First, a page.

Sorting it Out
A quick look in a bilingual dictionary will reveal that there are a number of translations of the word ahead in Spanish. However, unless you are an astute user of the dictionary and understand what the consequences are when you use it as an adjective or an adverb or if you need a clause, you can get yourself into trouble. It's opposite is atrás — another word that can cause problems.
Let's take a look, one-by-one, at the possible solutions, with examples and translations, of how ahead. The word ahead can be translated as adelante. When it is used as an adverb, it means up ahead or farther ahead, in space (like a highway sign telling you there is work ahead), or forward and onward. In the following two examples, notice how it modifies the verbs:
Hay mucho que hacer, enotnces tenemos que seguir adelante (There is much to do, so we have to keep moving ahead).
La casa se encuentra un poco más adelante (The house is a little farther up ahead).
As an adjective, the word ahead translates as a past participle of the verb adelantar (meaning to go or move forward, in the sense of pushing ahead of schedule, for instance). When said of a people, it shows they are advanced (for their age, for instance). Note that it must agree with the noun it modifies, showing that it is, in fact, an adjective and not an adverb:
Este cronómetro anda adelantado (This chronometer is running fast/ahead).
Esa chica está muy adelantada para una niña de cinco años (That girl is very advanced for a five-year-old).
Finally, it may be part of a comparative, in which case adelante or adelantado have to be incorporated into a comparative construction using que (meaning, in this case, than). Note too that there are other translations of ahead in this case, such as delante de:
Estos chicos están más adelantados que los otros (These kids are more advanced than the others).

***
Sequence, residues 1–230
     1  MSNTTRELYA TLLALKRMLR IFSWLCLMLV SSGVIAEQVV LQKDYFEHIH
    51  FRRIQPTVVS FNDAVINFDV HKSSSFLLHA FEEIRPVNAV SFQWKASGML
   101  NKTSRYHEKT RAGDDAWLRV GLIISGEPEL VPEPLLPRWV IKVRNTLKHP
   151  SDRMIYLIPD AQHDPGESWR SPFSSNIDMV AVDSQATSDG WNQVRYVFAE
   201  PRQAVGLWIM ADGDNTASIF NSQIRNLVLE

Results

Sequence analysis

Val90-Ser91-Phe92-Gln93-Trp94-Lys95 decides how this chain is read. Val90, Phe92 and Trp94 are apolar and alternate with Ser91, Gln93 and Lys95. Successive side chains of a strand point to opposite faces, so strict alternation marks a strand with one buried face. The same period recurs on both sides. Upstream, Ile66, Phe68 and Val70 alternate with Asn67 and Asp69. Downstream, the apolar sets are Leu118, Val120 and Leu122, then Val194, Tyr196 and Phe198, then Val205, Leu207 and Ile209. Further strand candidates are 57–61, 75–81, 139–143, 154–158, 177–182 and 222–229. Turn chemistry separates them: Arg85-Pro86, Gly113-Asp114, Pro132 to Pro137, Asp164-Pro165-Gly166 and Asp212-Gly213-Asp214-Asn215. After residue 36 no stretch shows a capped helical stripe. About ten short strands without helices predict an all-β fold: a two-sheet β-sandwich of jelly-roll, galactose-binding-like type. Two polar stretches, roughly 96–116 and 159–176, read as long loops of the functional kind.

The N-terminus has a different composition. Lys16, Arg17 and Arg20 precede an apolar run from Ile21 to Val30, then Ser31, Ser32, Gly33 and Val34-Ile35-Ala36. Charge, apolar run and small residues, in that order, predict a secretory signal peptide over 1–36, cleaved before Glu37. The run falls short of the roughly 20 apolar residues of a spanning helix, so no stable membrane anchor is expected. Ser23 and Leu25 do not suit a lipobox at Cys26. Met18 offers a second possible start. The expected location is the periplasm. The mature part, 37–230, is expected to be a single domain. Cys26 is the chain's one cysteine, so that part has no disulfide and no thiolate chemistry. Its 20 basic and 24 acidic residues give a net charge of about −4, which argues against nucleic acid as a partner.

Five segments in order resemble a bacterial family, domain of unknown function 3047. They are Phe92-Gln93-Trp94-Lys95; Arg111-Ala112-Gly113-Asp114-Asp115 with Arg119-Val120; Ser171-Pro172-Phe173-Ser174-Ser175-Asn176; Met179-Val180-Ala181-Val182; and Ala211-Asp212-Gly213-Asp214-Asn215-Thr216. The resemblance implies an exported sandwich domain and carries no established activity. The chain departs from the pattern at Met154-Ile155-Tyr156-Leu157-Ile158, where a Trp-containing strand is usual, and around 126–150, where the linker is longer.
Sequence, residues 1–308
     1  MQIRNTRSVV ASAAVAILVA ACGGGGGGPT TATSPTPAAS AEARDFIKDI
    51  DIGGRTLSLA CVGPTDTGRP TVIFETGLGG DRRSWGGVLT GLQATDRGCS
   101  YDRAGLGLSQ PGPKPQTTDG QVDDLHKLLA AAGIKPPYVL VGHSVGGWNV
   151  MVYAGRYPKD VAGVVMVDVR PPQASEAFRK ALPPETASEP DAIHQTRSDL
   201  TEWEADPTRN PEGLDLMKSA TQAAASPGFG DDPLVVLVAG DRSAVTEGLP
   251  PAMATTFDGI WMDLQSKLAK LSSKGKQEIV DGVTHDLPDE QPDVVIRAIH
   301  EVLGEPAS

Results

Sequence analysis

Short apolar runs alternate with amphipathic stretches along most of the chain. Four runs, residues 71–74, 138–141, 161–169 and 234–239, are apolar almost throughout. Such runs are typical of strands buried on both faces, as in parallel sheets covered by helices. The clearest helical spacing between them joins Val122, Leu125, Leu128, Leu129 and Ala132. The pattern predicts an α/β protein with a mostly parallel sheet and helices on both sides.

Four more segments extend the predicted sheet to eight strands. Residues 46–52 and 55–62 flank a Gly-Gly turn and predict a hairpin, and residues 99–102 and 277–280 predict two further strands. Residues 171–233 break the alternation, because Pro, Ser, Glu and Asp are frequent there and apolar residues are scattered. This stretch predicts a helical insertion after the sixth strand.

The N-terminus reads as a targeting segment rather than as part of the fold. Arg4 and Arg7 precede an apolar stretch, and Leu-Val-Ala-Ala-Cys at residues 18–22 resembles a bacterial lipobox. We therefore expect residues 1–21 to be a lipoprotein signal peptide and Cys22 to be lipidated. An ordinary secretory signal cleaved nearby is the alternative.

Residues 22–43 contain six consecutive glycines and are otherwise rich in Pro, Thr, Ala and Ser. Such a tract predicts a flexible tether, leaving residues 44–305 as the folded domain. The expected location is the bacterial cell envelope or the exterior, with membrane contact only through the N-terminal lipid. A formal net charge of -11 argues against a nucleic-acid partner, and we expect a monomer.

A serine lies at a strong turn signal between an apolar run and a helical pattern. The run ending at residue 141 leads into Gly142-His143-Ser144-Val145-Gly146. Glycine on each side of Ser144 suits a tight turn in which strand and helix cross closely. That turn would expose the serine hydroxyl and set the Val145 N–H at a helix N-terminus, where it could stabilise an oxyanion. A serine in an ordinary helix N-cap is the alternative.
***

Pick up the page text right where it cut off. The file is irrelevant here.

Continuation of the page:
Esa niña camina delante del grupo (That girl is walking ahead of the group).
Este experimento va menos adelantado que el otro (This experiment is less advanced/farther along than the other).
- Author's more than 20 years experience teaching and translating Spanish.
This post is part of the series: Spanish Usage
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- Using "Actual" and "Actually" in Spanish
- A Problem Preposition: The Ways "About" is Expressed in Spanish
- The Many Spanish Faces of the English Verb "to Agree"
- Spanish Usage Questions: Ways to say "Again"
- Expressing the Many Meanings of After
- Spanish Usage Questions: How to Say "Ahead"
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- Using "Anyway…" in Spanish
- Let's Learn About How to Talk About Appointments & Dating
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- The Temporal and Spacial Meanings of "Before": How to Get it Right in Spanish
- Don't Be Left in the Dust! Learn to Express the Meanings of "Behind" in Spanish
- Get the Low Down on the Preposition "Below" and Say it Right in Spanish!
- Understand Saying "Help" in Spanish
- Translating "Beside" & "Besides" into Spanish: Interesting Solutions!
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- Expressing the Various Meanings of the Preposition "By" in Spanish
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